Stop Fast Track and the Trans-Pacific Partnership!

by Paul Garver

Video produced by MoveOn and posted here at the request of the Communication Workers of America (CWA)
A good short primer from Robert Reich on the need to stop Fast Track and the Trans-Pacific Partnership.  The Trans-Pacific Partnership is a project of the Obama administration fervently desired by big business, supported by Republicans, and would lock in corporate control over the global economy against the interests of workers and consumers.  It has been negotiated behind doors closed to all citizens except 500 corporate lobbyists.  “Fast-Track” Trade Promotion Authority would permit the agreement to be speedily voted up or down by Congress without adequate debate or the possibility of amendment.
CWA and MoveOn have partnered in a petition against Fast Track and the TPP, which you can read and sign at  http://petitions.moveon.org/sign/tell-congress-we-cant?source=c.em&r_by=4842589

If Labor Dies- What is Next ?

David Rolf. SEIU.

[if you see Tefere Gebre either watch the entire panel or  go to the playlist tab, and click on video 3. I have been unable to change this]

The American Labor Movement at a Crossroads. – Session 1

Co sponsored by the Albert Shanker Institute, the AFT, the Hillman Foundation and others.

The American labor movement is at a critical juncture. After three decades of declining union density in the private sector and years of all-out political assaults on public sector unions, America’s unions now face what can only be described as existential threats. Strategies and tactics that may have worked in a different era are no longer adequate to today’s challenges. The need for different approaches to the fundamentals of union work in areas such as organizing, collective bargaining and political action is clear. The purpose of this conference is to examine new thinking and new  initiatives, viewing them critically in the light of ongoing union imperatives of cultivating member activism and involvement, fostering democratic self-governance and building the collective power of working people. Jan.15, 2015.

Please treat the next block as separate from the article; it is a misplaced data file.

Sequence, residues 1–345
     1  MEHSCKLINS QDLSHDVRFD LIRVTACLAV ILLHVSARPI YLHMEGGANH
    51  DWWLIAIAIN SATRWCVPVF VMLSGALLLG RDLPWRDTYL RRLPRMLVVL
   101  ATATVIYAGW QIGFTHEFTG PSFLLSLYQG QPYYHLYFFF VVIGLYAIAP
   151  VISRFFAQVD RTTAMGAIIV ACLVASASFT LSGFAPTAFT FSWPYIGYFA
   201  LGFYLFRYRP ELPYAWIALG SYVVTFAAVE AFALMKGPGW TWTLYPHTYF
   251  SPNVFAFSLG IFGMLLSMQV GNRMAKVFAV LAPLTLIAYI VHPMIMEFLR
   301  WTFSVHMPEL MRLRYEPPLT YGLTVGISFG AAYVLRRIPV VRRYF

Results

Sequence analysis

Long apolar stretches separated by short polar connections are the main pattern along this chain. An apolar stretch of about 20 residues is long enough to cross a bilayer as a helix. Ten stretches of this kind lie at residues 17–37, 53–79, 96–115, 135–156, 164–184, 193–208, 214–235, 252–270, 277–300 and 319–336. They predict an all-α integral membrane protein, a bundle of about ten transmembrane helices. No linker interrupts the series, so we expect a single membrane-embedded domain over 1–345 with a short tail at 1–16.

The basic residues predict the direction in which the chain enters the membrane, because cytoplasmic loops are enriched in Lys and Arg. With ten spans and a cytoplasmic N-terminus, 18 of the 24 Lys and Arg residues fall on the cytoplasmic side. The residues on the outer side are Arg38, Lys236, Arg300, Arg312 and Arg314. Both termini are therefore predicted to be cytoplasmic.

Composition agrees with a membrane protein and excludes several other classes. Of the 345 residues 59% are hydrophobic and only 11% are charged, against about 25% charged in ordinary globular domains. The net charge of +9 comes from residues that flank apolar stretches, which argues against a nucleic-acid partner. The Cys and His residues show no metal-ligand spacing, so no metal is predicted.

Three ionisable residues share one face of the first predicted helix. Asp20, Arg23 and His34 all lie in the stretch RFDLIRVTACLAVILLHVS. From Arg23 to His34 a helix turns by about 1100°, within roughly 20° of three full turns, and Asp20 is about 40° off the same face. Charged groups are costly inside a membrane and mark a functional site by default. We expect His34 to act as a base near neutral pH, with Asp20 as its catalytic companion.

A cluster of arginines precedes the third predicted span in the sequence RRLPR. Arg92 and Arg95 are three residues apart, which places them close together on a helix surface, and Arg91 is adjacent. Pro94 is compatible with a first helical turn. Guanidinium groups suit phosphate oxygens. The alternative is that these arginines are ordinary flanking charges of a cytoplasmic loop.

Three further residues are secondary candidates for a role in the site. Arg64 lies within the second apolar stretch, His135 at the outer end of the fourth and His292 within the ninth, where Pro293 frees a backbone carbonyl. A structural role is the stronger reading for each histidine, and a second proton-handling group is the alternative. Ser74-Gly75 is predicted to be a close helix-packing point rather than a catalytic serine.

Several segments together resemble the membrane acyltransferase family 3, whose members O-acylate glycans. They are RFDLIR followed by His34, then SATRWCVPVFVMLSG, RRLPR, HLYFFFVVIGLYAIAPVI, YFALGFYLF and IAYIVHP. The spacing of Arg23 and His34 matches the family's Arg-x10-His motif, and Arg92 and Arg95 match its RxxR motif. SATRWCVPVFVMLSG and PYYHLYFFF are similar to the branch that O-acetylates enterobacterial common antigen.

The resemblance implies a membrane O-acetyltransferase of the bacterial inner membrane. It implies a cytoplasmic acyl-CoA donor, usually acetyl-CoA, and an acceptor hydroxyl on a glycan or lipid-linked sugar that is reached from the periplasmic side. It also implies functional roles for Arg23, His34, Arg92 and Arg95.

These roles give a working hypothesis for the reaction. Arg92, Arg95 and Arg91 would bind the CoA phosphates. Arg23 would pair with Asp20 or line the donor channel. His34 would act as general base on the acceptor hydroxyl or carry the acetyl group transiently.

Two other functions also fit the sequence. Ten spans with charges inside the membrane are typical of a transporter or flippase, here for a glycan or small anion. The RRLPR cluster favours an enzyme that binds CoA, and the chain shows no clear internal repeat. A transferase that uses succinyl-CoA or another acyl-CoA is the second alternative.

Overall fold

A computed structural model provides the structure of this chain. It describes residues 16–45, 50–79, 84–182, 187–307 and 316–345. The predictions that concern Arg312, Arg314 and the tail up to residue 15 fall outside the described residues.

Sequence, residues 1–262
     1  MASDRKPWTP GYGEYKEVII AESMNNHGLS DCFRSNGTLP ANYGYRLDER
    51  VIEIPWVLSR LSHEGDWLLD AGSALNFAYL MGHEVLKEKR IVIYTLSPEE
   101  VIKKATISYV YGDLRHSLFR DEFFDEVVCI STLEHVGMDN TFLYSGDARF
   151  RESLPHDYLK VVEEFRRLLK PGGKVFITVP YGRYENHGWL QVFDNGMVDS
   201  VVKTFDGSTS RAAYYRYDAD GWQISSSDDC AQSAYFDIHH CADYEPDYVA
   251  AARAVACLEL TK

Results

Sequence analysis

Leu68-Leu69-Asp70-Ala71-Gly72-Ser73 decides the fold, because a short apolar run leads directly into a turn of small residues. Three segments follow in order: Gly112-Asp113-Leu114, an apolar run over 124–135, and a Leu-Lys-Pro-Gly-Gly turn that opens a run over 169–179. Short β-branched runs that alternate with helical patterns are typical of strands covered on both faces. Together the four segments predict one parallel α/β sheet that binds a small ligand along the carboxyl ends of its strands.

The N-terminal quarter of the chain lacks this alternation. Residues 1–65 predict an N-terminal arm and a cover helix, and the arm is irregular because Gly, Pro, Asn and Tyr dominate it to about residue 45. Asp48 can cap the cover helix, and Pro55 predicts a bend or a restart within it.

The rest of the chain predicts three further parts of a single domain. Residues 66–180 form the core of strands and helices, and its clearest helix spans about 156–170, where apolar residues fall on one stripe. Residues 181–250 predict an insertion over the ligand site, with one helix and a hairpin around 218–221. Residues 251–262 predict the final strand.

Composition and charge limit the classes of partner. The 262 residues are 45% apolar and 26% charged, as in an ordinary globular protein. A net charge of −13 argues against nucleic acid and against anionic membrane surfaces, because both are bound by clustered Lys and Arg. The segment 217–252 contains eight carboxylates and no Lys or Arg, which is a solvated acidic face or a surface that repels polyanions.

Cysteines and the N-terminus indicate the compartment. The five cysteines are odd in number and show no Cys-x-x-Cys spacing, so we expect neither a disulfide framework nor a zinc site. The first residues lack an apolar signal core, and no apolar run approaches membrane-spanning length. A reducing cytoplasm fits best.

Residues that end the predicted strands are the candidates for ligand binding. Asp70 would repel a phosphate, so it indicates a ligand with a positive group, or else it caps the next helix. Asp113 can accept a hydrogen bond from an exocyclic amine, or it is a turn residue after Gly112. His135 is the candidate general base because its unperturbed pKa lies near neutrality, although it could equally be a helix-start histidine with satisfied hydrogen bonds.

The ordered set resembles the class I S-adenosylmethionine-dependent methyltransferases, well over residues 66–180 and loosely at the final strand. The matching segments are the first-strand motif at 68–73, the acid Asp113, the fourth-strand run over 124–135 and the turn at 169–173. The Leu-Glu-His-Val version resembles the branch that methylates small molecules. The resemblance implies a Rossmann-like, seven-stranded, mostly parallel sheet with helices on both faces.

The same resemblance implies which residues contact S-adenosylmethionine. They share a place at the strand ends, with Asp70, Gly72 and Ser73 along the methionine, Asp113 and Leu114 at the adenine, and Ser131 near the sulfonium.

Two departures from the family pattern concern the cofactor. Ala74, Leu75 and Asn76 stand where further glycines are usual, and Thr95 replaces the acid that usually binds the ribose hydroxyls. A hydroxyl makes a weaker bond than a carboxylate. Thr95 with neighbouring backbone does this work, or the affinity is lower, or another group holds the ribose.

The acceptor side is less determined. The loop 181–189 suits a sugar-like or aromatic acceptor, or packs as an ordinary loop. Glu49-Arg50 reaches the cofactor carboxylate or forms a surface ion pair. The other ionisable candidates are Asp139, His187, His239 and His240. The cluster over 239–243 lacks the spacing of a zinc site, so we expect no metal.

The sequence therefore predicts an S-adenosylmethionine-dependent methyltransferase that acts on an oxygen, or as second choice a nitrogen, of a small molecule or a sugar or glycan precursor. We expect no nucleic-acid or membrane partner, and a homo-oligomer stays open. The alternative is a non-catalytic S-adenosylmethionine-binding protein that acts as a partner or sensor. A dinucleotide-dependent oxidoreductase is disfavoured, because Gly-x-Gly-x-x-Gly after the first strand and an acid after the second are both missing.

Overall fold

Continue reading

State of Our Unions – Secretary Thomas E. Perez

American Labor at the Crossroads Conference;  Jan. 15, 2015.

Co sponsored by the Albert Shanker Institute, the AFT, the Hillman Foundation and others.

[If when you start you see Randi Weingarten of the AFT, then click on the lower margin where it says playlist. The second video is of Perez.  Weingarten is good also.  I was unable to separate these.]

The US  labor movement is at a critical juncture. After three decades of declining union density in the private sector and years of all-out political assaults on public sector unions, America’s unions now face what can only be described as existential threats. Strategies and tactics that may have worked in a different era are no longer adequate to today’s challenges. The need for different approaches to the fundamentals of union work in areas such as organizing, collective bargaining and political action is clear. The purpose of this conference is to examine new thinking and new  initiatives, viewing them critically in the light of ongoing union imperatives of cultivating member activism and involvement, fostering democratic self-governance and building the collective power of working people. Jan.15, 2015.

Sit down, watch, educate yourself.

The conference has a number of leaders, including major DSA activists and former DSA leaders, to understand the reality of unions today and organizing the working class. Watch each of the sessions here.

http://www.shankerinstitute.org/labor-conference/